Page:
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Beyond Blues: Standard-Tuned Slide

Learn how to cop cool slide licks in the style of Sonny Landreth and Derek Trucks—without having to retune your axe.

Chops: Intermediate
Theory: Beginner
Lesson Overview:
• Learn to phrase like a vocalist.
• Understand the basics of bottleneck slide guitar.
• Develop flowing, singing blues licks.

Click here to download a printable PDF of this lesson's notation.

One of the most ominous words in the guitar lexicon is “feel.” It’s a word that’s thrown around liberally, yet it’s really impossible to prove or disprove someone’s “feel” because the term is so subjective.

Over the years, it seems to have split the guitar-playing nation into two camps, the shredders and the slow-feel players. Now, we could talk for hours and hours on what this mystical word means and we’d be no closer to an answer, but I do find it insulting to say that a player like Yngwie Malmsteen has no feel when the man plays with fiery passion and excitement—just listen to that vibrato! I’m certain Yngwie deeply feels every note he plays.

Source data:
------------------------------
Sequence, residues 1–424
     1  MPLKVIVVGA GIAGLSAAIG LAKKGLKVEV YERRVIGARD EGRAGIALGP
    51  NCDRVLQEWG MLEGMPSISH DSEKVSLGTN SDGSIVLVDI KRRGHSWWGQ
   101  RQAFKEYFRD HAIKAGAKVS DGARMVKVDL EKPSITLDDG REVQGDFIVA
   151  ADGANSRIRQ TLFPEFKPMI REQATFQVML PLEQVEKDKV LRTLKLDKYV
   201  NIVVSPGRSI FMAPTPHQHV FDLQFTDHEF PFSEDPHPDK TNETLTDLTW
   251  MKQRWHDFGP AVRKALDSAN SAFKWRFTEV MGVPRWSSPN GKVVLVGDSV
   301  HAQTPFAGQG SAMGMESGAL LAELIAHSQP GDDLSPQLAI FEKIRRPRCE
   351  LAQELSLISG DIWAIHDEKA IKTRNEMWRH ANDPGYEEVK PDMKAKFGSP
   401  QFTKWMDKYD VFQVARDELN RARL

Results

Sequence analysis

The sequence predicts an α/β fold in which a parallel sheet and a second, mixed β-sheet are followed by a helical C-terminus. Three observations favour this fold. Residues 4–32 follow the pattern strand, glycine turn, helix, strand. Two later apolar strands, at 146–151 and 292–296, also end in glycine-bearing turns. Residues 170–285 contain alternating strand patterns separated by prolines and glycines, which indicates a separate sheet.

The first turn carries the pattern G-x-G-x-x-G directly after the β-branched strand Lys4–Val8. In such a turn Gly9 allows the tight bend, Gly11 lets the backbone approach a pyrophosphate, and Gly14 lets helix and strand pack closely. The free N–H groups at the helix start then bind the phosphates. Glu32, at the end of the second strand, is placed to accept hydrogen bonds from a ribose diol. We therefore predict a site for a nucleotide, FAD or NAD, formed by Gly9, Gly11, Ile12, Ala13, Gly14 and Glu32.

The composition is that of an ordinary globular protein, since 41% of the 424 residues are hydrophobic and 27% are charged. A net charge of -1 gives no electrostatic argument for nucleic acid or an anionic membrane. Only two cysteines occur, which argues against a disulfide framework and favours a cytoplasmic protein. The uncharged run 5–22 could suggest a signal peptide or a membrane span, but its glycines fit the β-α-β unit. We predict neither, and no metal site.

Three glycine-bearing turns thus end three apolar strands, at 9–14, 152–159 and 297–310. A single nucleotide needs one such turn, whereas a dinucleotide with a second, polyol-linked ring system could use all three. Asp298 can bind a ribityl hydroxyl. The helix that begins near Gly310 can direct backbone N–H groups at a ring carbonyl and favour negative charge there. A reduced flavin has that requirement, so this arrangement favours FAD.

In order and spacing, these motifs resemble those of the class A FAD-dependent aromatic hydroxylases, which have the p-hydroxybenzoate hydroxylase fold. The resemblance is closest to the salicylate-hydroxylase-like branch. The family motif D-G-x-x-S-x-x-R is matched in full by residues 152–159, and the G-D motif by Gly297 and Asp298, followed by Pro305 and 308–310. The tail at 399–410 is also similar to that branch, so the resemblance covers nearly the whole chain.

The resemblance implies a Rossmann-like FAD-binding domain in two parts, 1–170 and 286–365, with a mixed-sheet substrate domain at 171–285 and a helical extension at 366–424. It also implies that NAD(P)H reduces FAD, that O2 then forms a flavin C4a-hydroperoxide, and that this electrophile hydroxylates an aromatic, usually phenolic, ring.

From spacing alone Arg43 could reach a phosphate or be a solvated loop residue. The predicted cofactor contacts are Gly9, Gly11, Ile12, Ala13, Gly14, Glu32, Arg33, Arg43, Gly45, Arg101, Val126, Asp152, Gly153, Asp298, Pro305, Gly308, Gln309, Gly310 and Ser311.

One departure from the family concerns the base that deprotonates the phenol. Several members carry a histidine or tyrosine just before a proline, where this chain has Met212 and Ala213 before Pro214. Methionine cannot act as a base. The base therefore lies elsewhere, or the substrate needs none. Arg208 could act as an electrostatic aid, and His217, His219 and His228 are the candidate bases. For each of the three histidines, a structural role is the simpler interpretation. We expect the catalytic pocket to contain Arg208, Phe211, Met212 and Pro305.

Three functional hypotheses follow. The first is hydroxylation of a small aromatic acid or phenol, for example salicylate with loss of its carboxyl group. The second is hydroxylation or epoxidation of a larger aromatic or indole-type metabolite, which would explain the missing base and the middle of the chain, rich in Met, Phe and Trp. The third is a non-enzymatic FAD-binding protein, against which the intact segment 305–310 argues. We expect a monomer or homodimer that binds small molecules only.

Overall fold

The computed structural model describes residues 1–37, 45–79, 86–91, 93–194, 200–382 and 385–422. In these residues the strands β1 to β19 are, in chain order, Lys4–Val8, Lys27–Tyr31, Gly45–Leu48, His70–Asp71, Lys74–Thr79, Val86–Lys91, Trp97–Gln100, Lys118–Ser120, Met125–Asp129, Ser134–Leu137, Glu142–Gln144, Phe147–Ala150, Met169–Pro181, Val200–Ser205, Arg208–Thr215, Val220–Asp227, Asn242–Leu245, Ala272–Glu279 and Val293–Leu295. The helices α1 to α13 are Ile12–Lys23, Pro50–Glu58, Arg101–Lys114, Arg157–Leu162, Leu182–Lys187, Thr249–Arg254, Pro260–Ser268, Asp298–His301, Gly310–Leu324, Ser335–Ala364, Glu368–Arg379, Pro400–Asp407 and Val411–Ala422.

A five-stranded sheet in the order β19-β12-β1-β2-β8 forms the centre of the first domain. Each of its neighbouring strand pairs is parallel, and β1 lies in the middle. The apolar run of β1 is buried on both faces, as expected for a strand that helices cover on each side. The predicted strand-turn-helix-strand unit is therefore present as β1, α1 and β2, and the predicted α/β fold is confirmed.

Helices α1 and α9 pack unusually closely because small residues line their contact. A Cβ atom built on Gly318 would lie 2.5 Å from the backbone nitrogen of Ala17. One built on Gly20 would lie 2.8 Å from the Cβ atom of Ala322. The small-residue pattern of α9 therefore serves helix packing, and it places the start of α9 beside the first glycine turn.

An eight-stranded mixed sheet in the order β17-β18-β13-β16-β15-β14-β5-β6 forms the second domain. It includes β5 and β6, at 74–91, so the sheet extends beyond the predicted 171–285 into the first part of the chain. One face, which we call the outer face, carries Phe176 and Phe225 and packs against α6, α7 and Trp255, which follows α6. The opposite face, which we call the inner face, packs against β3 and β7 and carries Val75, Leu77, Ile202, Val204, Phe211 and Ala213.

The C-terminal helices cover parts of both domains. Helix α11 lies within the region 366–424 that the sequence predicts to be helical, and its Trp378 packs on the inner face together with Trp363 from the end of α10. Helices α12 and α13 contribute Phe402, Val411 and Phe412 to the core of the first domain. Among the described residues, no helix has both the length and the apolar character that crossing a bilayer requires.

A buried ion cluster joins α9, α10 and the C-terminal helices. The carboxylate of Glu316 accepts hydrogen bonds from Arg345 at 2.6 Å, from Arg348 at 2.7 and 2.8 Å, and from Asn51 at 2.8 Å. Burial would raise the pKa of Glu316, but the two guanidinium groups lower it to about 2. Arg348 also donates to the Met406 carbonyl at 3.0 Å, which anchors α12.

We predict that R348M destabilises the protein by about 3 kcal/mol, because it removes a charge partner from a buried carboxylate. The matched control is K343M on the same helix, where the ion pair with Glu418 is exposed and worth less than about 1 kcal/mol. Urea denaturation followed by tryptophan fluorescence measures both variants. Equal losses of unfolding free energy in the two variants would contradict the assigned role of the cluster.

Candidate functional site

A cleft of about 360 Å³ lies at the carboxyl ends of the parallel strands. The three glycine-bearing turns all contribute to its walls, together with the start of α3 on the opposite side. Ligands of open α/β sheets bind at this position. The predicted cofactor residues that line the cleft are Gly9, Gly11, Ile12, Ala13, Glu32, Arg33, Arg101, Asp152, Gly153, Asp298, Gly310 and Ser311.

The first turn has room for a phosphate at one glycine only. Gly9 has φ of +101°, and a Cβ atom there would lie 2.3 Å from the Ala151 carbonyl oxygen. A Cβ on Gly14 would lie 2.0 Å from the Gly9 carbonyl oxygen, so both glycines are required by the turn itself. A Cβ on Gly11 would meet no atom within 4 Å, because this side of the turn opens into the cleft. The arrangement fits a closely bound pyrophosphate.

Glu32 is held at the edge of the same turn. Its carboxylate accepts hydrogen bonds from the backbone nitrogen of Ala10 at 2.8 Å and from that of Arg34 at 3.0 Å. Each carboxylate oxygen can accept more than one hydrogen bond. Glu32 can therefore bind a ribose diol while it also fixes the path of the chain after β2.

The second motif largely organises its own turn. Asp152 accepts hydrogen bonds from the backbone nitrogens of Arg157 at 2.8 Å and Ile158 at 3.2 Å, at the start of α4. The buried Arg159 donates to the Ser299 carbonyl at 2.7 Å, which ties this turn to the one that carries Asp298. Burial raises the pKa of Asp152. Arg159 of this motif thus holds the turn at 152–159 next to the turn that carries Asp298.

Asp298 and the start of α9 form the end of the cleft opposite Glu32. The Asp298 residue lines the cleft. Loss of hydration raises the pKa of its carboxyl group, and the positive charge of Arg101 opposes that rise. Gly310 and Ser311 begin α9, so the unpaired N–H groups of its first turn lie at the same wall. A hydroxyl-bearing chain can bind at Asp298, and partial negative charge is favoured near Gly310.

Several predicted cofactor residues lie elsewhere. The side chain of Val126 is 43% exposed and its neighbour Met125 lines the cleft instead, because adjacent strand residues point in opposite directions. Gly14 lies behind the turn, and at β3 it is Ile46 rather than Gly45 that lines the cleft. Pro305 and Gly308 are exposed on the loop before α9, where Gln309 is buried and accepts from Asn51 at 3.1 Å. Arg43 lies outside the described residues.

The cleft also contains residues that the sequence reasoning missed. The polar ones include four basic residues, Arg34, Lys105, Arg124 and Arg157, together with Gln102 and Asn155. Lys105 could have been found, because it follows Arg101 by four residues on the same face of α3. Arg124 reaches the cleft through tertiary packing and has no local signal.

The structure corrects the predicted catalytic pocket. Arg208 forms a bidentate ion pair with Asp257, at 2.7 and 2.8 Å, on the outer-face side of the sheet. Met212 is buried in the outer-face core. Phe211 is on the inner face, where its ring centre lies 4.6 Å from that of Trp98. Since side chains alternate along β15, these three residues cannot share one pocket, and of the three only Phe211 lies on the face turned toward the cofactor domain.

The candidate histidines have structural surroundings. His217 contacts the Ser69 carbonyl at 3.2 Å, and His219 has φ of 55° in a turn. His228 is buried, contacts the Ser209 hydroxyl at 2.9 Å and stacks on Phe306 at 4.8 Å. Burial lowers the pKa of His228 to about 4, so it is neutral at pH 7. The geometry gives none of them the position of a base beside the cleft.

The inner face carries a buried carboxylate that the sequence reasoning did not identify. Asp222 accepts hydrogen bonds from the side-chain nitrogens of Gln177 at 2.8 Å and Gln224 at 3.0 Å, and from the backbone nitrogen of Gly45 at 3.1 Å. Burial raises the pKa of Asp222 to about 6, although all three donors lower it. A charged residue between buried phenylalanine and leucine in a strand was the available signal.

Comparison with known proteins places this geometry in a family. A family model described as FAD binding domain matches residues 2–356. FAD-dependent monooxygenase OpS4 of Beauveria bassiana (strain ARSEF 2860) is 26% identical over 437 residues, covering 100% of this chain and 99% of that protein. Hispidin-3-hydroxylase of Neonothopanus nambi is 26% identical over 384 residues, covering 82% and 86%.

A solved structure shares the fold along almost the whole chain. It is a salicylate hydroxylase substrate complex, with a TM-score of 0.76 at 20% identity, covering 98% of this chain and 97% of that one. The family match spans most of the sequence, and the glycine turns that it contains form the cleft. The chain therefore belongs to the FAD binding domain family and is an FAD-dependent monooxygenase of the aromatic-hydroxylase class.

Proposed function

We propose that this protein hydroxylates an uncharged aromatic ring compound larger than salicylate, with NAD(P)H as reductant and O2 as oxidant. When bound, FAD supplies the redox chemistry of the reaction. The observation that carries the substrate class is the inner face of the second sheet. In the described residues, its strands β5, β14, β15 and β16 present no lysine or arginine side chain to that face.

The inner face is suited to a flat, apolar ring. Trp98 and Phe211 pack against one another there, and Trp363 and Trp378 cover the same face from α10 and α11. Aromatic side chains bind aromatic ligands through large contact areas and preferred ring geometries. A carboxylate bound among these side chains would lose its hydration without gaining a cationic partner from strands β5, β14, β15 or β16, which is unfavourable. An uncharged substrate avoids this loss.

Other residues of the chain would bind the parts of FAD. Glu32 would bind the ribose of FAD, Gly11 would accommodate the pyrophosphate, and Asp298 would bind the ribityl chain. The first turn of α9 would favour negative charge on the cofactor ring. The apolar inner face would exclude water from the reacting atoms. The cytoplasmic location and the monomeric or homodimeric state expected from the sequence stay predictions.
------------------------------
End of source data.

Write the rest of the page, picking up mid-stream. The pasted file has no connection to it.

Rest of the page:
When it comes down to what music touches us as humans, we have to ponder a few questions: Does it make you want to sit and cry? Does it make you want to jump up and run around the room like a lunatic? When you pick up your guitar do you want your phrasing to sound robotic, almost sci-fi? Or greasy and gritty? Majestic? Nasty? Peaceful? Manic?

No matter what the intention is, the only real limitation is your ability to put that feeling across with those strings. And the notes aren’t enough—it’s about the attack, the dynamics, the vibrato, and the phrasing.